Tuesday, May 24, 2005

Community Building Case Study: Tips from DallasFestEvil.com

Introduction

I began development on the DallasFestEvil.com website around July of 2004. I was working in conjunction with a promoter (now retired). Up-to and during the event, we worked to build an online following. Our budget was very limited and we were working with a previously unsuccessful festival. Somehow, we managed to pull it off. Here are a few of the techniques we deployed.

Techniques

Dynamic High-Content Website - The site itself provided detailed information about the event, including ample visual imagery. Dynamic pages were scripted to auto-update. Some pages were entirely new each day of the event. Even without attention, the site felt alive during the event. The current state of the site represents less than a third of the content available before and during the event.

Efficient Communications - We used a webform to make e-mailing the organizers easy. Every e-mail was processed quickly. This solid feedback loop encouraged many new relationships that proved valuable to the success of the event. If you provide users with a way to contact you - always be responsive!

Quality Mailing List Community - We focused our mailing list efforts towards quality over quantity. We organized contests - such as online scavenger hunts - and awarded prizes provided by our sponsors (remember those positive relationships?). We provided exclusive high-value content to our list members (such as ways to get discounts at the event) and branded the list as an exclusive club ("R.I.P. All Access" as we called it).

Dallas FestEvil
Cross Promotions - We made sure to mention every act, every sponsor, and every vendor on our website (linking when and where we could). In exchange, we asked each of these acts, sponsors, and vendors to do the same for us on their websites. We even provided sample banners and linking code. Then we asked google to re-index each site that linked us. As a result, we were able to significantly raise our page rank and indexing in google. We also tracked referrals and could see which sites were sending us the most traffic.

Photo Albums - During the event, we roamed around taking digital pictures of attendees. We often asked them to pose with actors in costumes and in various scenes. We posted a total of 14 different photo albums (with captions). As we took pictures, we told attendees where they could find photos of themselves online. We also posted informational fliers all over the event grounds. These photo albums generated a large bulk of website traffic during and well after the event.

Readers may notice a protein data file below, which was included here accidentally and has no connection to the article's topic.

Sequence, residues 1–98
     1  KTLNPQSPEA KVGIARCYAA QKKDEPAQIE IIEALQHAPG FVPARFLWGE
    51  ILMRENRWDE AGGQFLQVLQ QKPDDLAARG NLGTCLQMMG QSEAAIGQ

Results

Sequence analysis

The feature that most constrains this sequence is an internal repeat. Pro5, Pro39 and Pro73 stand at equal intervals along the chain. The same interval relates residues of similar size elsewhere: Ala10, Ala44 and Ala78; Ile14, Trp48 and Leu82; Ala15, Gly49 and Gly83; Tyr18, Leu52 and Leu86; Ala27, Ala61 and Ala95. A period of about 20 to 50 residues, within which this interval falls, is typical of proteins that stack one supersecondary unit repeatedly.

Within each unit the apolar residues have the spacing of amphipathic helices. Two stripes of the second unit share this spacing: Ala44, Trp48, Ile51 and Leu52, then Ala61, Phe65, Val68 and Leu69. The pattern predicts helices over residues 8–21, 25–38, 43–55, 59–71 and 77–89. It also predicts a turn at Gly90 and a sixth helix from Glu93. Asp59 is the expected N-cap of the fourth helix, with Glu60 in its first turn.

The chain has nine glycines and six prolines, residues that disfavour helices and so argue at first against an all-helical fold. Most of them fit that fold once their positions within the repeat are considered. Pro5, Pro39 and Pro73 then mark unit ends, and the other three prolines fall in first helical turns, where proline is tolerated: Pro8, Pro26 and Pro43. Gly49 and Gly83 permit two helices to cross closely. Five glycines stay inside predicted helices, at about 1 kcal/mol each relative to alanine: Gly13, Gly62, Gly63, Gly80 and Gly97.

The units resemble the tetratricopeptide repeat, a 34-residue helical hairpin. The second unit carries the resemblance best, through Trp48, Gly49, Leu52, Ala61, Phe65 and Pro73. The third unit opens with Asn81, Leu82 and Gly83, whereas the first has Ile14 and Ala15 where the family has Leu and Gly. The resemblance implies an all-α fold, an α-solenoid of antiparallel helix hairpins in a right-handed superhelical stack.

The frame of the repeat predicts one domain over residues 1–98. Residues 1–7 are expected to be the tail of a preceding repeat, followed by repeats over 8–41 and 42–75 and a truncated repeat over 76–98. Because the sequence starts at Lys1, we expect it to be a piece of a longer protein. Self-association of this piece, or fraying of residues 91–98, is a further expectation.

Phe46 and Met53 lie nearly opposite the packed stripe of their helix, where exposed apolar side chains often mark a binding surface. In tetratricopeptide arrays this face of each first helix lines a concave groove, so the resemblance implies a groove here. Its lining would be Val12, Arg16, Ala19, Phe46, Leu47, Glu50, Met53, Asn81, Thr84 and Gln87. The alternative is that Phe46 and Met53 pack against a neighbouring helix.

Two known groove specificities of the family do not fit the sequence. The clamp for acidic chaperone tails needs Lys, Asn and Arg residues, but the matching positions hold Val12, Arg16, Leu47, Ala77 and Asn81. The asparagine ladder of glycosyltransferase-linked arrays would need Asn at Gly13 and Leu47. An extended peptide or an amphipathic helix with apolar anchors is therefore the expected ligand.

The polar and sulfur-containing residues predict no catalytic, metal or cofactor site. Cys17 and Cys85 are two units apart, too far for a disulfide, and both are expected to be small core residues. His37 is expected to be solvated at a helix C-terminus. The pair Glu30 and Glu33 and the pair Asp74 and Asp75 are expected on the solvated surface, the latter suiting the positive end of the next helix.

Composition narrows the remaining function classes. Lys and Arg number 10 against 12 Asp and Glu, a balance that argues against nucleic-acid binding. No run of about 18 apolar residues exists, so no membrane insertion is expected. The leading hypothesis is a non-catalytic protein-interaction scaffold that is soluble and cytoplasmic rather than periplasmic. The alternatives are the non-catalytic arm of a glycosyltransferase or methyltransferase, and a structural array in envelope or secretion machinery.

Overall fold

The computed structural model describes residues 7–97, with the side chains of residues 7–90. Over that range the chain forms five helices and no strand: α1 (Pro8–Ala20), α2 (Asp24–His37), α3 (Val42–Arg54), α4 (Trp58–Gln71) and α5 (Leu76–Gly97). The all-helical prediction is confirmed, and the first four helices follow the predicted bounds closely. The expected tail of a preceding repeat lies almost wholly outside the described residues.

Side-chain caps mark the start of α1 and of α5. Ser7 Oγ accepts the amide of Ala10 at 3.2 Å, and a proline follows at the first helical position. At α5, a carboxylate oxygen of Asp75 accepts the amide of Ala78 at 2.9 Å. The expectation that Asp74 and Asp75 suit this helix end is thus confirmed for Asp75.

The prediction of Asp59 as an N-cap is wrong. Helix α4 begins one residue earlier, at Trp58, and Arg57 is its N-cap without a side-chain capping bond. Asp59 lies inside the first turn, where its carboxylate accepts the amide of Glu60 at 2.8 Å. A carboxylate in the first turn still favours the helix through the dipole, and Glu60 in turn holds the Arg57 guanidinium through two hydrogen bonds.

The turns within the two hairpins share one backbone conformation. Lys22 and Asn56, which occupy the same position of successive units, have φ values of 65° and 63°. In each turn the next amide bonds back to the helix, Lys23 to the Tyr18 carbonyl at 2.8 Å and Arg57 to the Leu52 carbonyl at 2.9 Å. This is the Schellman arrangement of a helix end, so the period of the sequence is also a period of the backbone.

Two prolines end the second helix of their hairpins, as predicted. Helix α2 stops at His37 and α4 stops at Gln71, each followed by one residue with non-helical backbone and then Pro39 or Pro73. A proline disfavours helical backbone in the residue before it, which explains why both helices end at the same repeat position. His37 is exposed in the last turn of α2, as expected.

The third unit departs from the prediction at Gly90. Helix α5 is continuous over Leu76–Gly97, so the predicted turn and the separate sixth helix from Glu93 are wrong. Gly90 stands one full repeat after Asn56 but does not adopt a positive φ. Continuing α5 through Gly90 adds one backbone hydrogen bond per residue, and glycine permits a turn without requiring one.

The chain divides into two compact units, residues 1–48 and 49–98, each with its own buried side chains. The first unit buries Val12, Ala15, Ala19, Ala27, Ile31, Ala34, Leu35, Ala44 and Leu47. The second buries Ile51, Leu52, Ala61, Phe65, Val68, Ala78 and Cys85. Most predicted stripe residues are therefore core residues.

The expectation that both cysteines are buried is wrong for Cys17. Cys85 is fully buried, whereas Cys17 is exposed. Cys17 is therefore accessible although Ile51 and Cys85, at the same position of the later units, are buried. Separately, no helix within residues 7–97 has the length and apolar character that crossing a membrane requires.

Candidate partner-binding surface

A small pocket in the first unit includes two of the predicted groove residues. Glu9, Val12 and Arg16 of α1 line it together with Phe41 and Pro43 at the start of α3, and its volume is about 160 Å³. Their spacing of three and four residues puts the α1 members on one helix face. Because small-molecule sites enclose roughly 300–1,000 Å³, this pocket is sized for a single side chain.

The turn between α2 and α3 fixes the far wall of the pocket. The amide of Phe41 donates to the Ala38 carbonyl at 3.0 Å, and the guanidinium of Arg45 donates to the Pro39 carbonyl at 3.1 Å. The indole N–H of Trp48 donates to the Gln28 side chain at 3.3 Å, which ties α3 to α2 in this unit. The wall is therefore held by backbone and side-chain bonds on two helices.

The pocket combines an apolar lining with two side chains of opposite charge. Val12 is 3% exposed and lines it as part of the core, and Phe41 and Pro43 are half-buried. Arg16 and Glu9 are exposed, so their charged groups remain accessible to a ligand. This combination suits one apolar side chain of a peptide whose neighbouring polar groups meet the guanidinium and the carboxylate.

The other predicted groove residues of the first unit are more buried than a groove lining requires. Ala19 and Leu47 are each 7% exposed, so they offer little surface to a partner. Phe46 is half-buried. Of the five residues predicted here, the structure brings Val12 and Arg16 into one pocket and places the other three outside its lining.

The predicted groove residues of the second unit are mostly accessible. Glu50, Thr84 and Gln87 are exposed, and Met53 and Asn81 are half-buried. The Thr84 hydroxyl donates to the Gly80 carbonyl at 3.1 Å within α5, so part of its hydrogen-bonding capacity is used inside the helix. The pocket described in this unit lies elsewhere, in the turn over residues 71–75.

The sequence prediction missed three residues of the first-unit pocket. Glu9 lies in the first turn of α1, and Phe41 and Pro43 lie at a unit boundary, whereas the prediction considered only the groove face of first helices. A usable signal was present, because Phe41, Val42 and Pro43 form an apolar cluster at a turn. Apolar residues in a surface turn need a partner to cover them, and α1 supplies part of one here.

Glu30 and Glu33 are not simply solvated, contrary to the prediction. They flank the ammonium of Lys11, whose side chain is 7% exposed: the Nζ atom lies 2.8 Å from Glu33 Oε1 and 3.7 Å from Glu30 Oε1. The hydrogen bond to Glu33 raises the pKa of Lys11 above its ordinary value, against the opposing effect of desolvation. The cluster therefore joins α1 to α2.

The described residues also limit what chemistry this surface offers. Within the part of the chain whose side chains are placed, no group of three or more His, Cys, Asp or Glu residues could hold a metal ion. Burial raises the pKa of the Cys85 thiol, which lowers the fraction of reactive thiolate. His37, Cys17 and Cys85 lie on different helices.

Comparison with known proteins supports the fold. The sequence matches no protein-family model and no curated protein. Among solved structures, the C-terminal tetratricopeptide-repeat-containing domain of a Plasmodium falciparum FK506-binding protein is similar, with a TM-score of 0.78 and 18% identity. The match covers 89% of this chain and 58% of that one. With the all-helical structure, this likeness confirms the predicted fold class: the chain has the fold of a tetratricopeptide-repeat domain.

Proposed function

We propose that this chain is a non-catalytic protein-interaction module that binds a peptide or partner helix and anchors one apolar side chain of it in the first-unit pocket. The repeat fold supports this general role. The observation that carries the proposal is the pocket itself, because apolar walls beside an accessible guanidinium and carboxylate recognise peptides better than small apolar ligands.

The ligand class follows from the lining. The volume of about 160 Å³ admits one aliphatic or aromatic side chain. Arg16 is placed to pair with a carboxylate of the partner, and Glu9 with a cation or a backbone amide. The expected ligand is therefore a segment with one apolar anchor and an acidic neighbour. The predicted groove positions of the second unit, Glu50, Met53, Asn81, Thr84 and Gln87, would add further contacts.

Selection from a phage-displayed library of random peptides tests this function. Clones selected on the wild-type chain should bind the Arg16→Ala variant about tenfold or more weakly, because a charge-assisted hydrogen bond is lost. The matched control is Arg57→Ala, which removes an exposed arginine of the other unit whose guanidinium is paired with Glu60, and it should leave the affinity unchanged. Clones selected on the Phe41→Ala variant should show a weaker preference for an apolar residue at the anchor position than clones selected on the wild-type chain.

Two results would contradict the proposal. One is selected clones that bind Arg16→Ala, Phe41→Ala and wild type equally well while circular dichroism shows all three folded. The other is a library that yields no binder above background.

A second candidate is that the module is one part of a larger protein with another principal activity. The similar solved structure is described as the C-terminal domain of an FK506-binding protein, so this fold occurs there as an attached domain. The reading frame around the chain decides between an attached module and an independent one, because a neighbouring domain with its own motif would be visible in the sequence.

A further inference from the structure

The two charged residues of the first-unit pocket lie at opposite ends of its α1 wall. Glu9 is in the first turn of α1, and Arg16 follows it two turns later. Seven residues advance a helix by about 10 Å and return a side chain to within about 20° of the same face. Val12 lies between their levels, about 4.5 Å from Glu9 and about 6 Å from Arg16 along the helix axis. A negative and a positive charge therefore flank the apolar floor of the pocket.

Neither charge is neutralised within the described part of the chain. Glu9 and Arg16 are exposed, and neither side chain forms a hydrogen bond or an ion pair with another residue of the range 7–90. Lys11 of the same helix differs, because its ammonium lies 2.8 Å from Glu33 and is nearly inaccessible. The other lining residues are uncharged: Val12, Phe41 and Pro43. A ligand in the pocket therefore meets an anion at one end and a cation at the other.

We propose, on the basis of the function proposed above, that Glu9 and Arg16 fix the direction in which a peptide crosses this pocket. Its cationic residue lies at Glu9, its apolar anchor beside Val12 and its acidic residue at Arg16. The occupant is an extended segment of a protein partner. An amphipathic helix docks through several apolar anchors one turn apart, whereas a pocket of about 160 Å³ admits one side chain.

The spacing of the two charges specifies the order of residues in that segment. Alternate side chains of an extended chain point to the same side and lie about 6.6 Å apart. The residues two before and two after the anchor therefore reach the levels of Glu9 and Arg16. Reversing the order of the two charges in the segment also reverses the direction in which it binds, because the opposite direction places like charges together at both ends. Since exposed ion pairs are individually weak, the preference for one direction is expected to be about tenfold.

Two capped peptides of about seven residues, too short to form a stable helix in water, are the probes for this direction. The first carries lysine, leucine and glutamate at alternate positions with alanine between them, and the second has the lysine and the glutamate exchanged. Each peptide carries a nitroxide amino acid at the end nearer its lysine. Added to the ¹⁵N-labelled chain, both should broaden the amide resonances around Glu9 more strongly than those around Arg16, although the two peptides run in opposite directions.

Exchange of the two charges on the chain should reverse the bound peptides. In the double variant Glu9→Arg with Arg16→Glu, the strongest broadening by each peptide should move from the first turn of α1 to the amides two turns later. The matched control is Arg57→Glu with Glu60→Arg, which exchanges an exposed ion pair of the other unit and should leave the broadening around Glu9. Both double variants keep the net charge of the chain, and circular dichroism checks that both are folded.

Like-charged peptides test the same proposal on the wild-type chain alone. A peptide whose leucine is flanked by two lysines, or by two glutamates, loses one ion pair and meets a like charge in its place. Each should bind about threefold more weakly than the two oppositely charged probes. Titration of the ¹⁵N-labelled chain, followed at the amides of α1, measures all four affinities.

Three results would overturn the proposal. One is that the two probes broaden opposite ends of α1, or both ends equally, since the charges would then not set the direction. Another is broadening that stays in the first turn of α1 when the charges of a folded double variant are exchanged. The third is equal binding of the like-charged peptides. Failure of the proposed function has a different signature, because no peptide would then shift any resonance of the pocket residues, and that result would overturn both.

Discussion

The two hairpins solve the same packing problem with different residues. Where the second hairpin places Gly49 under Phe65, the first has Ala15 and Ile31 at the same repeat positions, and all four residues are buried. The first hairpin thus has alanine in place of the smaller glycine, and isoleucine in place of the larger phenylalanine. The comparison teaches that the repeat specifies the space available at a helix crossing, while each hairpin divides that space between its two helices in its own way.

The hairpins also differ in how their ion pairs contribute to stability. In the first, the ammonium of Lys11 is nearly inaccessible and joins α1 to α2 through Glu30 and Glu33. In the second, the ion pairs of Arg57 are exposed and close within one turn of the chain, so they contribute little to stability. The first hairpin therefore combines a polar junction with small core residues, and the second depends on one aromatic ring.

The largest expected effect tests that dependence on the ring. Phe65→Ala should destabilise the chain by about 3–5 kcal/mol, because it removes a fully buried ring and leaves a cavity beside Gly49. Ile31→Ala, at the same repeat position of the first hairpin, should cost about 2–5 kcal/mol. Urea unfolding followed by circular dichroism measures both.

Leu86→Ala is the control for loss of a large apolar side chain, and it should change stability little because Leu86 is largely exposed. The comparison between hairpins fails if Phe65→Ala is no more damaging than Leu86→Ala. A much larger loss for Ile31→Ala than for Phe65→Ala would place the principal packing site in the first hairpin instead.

Fire Spinningrarhello ladies!good peepsso scaredscrewed!pretty lady

Street Teams - Together with volunteers from our mailing list, we posted about the event both online and off. On the Internet, We spread the word to a variety of online communities we both happened to be active in. We posted on a variety of forums and message boards, always being careful to pick relevant sites and post politely. We also monitored and responded to these posts in case anyone had questions or comments. In the real world, we spread fliers and printed up coupons. We made these available in store fronts and other public location.

Conclusion

While most of those techniques may seem obvious, they are often overlooked or at least under-worked. Combined with the production of a quality event, our inexpensive techniques proved a successful and effective way to brand and promote the festival.

A public posting area - providing a way for the community to interact - would have been a good addition. However, we felt we could not afford the personnel bandwidth to properly monitor and care for a forum type solution. Without proper care, a forum could have done more harm than good. Unattended forums are often hit by spamming and trouble makers, making them unpleasant for the community to use. If you're going to do it, you gotta do it right.

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